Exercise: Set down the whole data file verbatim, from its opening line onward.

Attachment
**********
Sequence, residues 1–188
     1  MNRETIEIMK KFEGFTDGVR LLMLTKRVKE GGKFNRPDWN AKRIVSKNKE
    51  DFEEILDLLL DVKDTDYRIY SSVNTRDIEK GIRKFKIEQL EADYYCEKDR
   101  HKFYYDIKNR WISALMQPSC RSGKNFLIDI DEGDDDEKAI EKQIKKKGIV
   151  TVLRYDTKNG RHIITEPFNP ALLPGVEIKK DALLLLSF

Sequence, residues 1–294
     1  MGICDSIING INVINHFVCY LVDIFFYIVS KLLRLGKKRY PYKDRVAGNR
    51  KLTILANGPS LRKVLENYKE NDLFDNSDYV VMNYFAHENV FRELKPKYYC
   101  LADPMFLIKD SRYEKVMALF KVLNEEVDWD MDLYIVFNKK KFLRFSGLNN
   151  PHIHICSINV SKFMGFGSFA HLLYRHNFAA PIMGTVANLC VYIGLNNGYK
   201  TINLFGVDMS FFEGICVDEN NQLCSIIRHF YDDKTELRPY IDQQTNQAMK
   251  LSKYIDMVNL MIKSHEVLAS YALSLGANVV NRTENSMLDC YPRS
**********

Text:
Sequence, residues 1–188
     1  MNRETIEIMK KFEGFTDGVR LLMLTKRVKE GGKFNRPDWN AKRIVSKNKE
    51  DFEEILDLLL DVKDTDYRIY SSVNTRDIEK GIRKFKIEQL EADYYCEKDR
   101  HKFYYDIKNR WISALMQPSC RSGKNFLIDI DEGDDDEKAI EKQIKKKGIV
   151  TVLRYDTKNG RHIITEPFNP ALLPGVEIKK DALLLLSF

Sequence, residues 1–294
     1  MGICDSIING INVINHFVCY LVDIFFYIVS KLLRLGKKRY PYKDRVAGNR
    51  KLTILANGPS LRKVLENYKE NDLFDNSDYV VMNYFAHENV FRELKPKYYC
   101  LADPMFLIKD SRYEKVMALF KVLNEEVDWD MDLYIVFNKK KFLRFSGLNN
   151  PHIHICSINV SKFMGFGSFA HLLYRHNFAA PIMGTVANLC VYIGLNNGYK
   201  TINLFGVDMS FFEGICVDEN NQLCSIIRHF YDDKTELRPY IDQQTNQAMK
   251  LSKYIDMVNL MIKSHEVLAS YALSLGANVV NRTENSMLDC YPRS